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Owen Paterson’s brother-in-law: wrong about Northern Rock and GM crops

The thought-provoking text of a Times article by ‘columnist Matt Ridley’ has been sent to this site.

Should he be taken seriously?

matt ridleyMatt, aka the 5th Viscount Ridley, as chairman of Northern Rock, was responsible, according to parliament’s Treasury select committee, for a “high-risk, reckless business strategy”.

Ridley resigned and the bank was bailed out and nationalised by the UK government.

Undeterred by this setback, in his book Down to Earth ll, he wags a finger at environmentalists who enjoy unrivalled access to politicians and bureaucrats – unlike Monsanto et al? – and demand more centralisation and regulation, enhancing the political bureaucracy.

He exults that – under pressure from his brother-in-law and the European Union’s health and consumer commissioner, Tonio Borg – the EU is on the brink of ceding control of the issue to national governments: “That suits countries such as France and Austria, who are implacably opposed to GM crops, and Britain, which is not”.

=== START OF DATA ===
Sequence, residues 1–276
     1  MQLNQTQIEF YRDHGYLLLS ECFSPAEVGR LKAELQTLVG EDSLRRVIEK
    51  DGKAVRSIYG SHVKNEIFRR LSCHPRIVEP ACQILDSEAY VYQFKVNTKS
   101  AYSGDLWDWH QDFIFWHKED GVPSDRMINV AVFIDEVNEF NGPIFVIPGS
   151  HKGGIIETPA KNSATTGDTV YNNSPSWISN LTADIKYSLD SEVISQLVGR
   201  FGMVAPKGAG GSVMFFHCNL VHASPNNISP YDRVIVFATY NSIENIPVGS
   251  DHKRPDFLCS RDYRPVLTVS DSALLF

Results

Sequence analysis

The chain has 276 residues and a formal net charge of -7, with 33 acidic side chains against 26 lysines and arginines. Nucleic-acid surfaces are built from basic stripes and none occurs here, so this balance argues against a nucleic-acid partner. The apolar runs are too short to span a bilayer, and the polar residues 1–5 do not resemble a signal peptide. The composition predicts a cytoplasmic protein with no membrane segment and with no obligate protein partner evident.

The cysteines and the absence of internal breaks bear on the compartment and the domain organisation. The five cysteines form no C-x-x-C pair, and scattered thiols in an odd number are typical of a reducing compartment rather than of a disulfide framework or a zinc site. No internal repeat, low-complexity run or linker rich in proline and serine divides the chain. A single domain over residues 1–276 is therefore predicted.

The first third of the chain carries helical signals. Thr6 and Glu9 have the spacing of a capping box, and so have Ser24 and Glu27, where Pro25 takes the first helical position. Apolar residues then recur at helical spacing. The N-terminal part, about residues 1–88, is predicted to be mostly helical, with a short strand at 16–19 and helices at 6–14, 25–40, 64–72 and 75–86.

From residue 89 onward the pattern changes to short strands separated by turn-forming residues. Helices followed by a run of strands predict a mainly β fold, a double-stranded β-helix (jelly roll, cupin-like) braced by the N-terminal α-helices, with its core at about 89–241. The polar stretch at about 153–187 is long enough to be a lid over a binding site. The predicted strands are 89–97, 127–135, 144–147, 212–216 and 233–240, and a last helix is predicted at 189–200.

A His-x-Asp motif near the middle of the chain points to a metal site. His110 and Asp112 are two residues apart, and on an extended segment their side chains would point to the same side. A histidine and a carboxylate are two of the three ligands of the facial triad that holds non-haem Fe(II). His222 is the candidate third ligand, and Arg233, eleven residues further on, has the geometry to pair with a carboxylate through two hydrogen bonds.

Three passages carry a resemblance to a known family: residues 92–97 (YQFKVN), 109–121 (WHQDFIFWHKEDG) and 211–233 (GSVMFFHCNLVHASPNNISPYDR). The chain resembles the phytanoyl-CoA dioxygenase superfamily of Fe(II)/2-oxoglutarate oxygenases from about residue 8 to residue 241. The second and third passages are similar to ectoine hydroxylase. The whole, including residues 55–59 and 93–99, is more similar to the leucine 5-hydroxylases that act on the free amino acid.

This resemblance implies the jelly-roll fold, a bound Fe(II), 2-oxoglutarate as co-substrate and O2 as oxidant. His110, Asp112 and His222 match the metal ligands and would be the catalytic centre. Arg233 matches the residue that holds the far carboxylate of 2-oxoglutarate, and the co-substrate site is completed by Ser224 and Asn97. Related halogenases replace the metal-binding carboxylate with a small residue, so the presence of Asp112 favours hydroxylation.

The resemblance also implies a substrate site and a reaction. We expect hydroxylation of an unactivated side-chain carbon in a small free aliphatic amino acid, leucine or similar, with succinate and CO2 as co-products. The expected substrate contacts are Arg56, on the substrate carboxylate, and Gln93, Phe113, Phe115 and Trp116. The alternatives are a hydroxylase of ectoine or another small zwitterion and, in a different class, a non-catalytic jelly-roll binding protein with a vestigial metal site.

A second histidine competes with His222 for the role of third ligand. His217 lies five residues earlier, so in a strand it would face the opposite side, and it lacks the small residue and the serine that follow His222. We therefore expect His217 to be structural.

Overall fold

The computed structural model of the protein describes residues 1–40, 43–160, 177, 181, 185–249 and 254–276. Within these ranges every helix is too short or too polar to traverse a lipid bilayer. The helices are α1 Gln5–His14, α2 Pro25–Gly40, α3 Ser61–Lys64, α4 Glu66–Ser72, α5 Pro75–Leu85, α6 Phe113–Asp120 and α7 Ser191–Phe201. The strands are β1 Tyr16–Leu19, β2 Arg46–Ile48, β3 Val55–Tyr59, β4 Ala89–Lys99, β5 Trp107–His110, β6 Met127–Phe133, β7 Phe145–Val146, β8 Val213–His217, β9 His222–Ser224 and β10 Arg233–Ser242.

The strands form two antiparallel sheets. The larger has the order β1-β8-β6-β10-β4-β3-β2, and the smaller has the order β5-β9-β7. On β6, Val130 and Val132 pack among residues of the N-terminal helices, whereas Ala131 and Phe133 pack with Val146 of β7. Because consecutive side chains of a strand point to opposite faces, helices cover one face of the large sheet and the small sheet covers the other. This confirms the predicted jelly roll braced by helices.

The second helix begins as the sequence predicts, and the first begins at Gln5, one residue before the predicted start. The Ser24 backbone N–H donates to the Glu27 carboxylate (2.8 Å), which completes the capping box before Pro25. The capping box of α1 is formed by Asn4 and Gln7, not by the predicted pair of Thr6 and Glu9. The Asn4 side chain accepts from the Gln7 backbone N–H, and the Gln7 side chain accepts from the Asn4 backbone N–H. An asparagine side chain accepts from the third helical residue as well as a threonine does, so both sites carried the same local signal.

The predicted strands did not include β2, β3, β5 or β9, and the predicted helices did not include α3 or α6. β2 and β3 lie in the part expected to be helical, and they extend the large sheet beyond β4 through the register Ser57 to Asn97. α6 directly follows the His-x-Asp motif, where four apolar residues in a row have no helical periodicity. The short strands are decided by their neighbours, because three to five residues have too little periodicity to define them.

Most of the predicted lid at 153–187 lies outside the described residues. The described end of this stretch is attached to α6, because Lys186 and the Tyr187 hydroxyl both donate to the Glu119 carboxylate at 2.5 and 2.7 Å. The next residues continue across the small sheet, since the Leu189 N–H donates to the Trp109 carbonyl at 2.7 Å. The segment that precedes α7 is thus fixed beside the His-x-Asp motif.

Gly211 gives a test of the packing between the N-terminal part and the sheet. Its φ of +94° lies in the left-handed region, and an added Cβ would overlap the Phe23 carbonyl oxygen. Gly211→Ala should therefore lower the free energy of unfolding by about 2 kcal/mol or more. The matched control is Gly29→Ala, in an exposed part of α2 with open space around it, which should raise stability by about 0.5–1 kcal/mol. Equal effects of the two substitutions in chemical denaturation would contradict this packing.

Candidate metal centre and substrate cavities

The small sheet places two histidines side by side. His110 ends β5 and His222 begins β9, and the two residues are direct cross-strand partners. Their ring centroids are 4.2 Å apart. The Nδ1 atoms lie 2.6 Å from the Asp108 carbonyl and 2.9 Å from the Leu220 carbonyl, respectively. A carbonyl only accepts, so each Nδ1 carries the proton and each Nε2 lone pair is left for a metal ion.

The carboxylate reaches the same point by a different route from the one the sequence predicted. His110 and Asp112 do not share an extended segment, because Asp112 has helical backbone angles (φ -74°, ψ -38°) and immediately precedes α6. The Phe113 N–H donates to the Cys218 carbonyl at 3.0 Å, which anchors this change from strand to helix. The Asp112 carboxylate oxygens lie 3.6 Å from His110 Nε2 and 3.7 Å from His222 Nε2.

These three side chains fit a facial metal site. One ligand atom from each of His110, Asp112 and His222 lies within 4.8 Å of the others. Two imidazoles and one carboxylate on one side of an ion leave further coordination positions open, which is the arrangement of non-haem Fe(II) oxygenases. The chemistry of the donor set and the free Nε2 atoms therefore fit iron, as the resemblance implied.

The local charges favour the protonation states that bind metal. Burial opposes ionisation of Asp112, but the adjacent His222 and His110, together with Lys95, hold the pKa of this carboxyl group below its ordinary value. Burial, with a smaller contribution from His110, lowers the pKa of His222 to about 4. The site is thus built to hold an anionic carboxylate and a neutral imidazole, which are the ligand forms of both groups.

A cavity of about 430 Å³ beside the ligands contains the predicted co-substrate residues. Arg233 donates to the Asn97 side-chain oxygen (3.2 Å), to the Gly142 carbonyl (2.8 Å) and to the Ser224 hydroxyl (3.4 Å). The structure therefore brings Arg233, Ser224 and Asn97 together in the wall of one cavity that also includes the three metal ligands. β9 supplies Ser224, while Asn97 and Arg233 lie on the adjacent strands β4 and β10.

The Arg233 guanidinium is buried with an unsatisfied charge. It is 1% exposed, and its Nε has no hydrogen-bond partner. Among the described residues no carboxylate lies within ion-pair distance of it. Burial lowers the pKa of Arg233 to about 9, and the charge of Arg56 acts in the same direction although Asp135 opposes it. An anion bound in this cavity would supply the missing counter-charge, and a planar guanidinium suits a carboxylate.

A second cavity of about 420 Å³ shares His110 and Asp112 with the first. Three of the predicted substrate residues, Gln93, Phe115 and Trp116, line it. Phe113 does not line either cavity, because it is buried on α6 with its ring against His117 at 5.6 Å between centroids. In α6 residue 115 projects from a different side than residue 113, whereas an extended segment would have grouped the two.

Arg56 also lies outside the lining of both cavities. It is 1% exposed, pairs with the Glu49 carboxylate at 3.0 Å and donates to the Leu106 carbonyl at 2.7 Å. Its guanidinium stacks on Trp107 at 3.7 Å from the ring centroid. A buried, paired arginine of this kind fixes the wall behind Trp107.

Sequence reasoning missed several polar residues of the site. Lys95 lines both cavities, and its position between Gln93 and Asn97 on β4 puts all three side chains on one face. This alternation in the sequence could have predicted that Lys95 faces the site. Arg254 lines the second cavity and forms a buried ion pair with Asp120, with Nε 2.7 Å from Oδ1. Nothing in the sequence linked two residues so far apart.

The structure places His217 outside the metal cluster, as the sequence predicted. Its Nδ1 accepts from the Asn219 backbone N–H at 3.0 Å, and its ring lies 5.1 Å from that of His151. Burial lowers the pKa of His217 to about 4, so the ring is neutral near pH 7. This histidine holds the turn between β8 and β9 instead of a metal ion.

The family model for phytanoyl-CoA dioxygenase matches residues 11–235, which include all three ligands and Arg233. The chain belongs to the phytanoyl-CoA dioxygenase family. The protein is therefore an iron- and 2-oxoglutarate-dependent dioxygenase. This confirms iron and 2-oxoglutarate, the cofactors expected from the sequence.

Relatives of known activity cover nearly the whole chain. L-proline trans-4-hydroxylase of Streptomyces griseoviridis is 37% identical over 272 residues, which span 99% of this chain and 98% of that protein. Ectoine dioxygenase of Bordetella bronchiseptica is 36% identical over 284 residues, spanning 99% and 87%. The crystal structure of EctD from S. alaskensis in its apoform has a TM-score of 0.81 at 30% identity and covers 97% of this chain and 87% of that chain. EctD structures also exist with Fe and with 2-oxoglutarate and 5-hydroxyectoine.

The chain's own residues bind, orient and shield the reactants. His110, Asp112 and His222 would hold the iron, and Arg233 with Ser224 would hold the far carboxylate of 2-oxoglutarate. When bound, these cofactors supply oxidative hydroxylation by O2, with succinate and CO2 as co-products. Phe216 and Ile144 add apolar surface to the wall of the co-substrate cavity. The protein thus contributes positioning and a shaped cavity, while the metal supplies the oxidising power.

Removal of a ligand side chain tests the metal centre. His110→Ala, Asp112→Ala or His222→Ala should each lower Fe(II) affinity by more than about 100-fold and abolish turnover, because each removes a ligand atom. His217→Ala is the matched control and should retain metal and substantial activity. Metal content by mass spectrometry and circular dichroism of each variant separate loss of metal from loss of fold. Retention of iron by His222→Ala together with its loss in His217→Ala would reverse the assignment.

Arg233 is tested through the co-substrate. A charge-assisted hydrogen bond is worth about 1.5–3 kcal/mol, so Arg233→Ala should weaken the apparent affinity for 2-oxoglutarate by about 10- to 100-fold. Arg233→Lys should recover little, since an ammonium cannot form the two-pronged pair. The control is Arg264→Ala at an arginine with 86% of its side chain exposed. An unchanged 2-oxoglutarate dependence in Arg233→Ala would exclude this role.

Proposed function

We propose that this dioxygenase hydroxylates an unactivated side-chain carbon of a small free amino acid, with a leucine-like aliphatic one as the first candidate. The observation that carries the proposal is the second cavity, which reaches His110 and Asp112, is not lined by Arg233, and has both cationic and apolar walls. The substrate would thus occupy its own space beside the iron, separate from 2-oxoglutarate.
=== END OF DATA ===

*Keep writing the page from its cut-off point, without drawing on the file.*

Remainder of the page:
The slick fund-raisers

The slick fund-raisers

He blames the banning of GM crops in two Oregon counties (Measure 15-119 ), requiring all traces to be removed within a year, on big green philanthropic bodies in the USA who are concerned about “donor fatigue” and are seeking to boost funds by appealing to ‘right-on people’ about processes affecting their food. But Reuters reports that the banning was due to a campaign by a coalition of more than 180 farmers and community members. This is confirmed in Bloomberg Businessweek.

Further allegations:

  • A new GM variety of blight-resistant potato ‘probably’ could have been developed years earlier if the eco-vandals had not driven much ground-breaking research abroad.
  • The EU has been in thrall to the ‘mad’ precautionary principle — which argues for weighing the risks but not the benefits of innovation.
  • The opposition to GM crops was chiefly motivated by dislike of corporate “control” of seeds – the environmental movement’s fund-raising rallying cry.

He asserts: “So this is a technology that is safe for human health, better for the environment, more effective than the alternative and economically beneficial to consumers and farmers. Let the French ban it if they want to”.

Used car anyone?


The Times, 25 June 2014: Letters to the Editor

Growing GM crops

Sir, In reply to Matt Ridley (Opinion, June 23), the actual experience of growing GM crops in the US for nearly 15 is that they produce lower yields, now fetch lower prices, overall use more pesticides and have given rise to horrendous problems with weeds resistant to a wide range of weedkillers.

As most of the rest of the world, including China, Russia, most of the EU and Scotland and Wakes in the UK, moves away from GM food, and the US market starts to reject food, it would be a commercial disaster for English farmers to be saddles with a reputation for being the GM capital of Europe.